Liz Truss's leadership campaign was given a boost on Wedneday as two surveys showed her far in the lead and she received the backing of Sajid Javid, who attacked Rishi Sunak’s more cautious plans for tax cuts.
A ConservativeHome website survey put the foreign secretary 32 per cent ahead of Mr Sunak after an earlier YouGov poll of party members showed Ms Truss had a 34-percentage point lead over her leadership rival.
Mr Javid, who resigned as health secretary minutes before Mr Sunak left the Cabinet and started the cascade that forced Boris Johnson to quit as Tory leader, has now thrown his support behind the frontrunner.
The failed leadership candidate warned that “tax cuts now are essential”, as Mr Sunak resists adopting Ms Truss’s more radical plan to get to rein in spiralling inflation first.
A former chancellor, Mr Javid also warned in an article for The Times that the nation was at risk of “sleepwalking into a big-state, high-tax, low-growth, social democratic model which risks us becoming a middle-income economy by the 2030s”.
“If we can renew our government with a bold agenda, the Conservatives can still beat Labour, the Lib Dems and the SNP at the next election – and the evidence suggests Liz is the best-placed candidate to do so,” he said.
Mr Javid launched a leadership run on a platform of swift tax cuts but quickly pulled out, struggling to win enough nominations from Tory MPs to go through to the first round of voting.
His support for Ms Truss came shortly before the latest hustings of Conservative members at an event in Cardiff on Wednesday evening.
The YouGov survey showed 60 per cent of the party members polled between July 29 and August 2 saying they intend to vote for the foreign secretary, with 26 per cent backing Mr Sunak.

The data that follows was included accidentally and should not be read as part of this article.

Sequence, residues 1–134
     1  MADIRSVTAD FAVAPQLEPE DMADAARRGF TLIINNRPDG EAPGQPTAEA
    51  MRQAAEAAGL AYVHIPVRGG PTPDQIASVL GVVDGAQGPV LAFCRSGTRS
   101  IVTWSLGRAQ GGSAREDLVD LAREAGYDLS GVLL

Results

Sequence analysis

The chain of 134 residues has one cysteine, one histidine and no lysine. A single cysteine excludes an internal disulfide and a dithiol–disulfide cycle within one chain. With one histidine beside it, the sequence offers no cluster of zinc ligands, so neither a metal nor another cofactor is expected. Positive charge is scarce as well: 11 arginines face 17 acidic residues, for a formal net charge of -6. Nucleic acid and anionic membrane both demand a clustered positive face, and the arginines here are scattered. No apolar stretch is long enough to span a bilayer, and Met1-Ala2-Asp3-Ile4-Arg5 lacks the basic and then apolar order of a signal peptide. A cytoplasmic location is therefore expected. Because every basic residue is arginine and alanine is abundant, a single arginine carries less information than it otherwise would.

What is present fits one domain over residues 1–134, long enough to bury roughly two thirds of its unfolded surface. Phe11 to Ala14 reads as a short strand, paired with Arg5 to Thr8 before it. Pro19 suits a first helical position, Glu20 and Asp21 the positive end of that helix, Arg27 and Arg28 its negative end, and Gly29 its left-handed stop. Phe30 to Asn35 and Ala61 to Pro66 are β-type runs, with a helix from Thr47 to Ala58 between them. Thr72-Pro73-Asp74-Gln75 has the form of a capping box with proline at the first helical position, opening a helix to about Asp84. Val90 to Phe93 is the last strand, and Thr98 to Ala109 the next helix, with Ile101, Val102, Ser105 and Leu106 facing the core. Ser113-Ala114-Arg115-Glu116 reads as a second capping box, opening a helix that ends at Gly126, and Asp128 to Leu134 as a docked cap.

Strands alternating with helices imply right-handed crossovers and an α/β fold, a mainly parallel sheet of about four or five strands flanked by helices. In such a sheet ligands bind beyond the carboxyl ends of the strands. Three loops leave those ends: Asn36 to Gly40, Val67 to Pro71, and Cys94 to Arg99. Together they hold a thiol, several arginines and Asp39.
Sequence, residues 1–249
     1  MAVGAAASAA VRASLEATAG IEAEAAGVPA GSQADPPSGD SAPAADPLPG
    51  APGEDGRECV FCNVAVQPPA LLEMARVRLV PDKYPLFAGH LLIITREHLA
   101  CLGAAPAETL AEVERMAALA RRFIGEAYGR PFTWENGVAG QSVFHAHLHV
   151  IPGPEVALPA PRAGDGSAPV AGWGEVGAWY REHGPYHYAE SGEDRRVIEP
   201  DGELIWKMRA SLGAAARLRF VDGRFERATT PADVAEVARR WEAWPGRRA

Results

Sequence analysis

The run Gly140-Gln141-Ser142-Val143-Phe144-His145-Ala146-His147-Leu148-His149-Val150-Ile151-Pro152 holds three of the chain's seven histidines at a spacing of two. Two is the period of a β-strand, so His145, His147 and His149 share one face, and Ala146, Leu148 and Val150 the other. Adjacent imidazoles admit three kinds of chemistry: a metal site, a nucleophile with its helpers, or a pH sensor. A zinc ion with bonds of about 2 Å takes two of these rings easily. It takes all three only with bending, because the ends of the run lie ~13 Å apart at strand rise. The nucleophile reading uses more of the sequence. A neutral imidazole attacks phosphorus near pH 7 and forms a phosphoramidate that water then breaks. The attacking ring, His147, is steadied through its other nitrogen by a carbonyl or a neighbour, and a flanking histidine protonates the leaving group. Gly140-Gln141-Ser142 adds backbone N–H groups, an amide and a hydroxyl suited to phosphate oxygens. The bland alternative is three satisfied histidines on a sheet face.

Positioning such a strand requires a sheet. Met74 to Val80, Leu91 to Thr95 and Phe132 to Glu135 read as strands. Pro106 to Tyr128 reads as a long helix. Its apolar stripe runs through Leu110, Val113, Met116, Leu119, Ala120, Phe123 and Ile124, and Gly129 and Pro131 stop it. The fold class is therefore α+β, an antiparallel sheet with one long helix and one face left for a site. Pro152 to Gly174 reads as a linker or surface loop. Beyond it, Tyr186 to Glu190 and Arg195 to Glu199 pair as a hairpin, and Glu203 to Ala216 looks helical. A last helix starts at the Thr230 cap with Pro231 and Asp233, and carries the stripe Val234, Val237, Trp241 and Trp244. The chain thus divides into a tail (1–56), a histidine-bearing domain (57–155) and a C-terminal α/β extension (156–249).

The poll of 1,043 Conservative Party members indicates only 11 per cent do not know who they will vote for, while 2 per cent said they would not take part in the contest.
A further indication of her dominance came with a survey of 1,003 members by the ConservativeHome website, which had 58 per cent backing Ms Truss to Mr Sunak’s 26 per cent.
But Ms Truss insisted she was taking nothing for granted, as a delay in ballot papers being issued due to cyber-security concerns gave her rival a little more time to catch up.
She acknowledged that there is “still a long way to go” in the contest as she continues to face questions about abandoning a key policy pledge.
Her campaign has endured a rocky period as she dropped the £8.8 billion ($10.7bn) pledge to cut the public sector wage bill by paying workers in cheaper areas of the country less than in more expensive parts.
Ms Truss claimed it had been “misrepresented”.
But she refused to say why the policy was being abandoned entirely if the problem is merely one of presentation.
Critics of the plan had claimed it would go against the government’s "levelling-up" agenda by cutting wages in more deprived areas of the country, although Ms Truss insisted it was never meant to affect people’s current pay rates.
The information put out by her campaign said the potential £8.8bn saving from the policy depended on it being “adopted for all public-sector workers in the long term”.
“I wanted to make sure that our important frontline workers like doctors and teachers weren’t worried," Ms Truss said. "That’s why I cancelled the policy.
“I did it straight away. I was decisive and I was honest with the public about what I was doing.”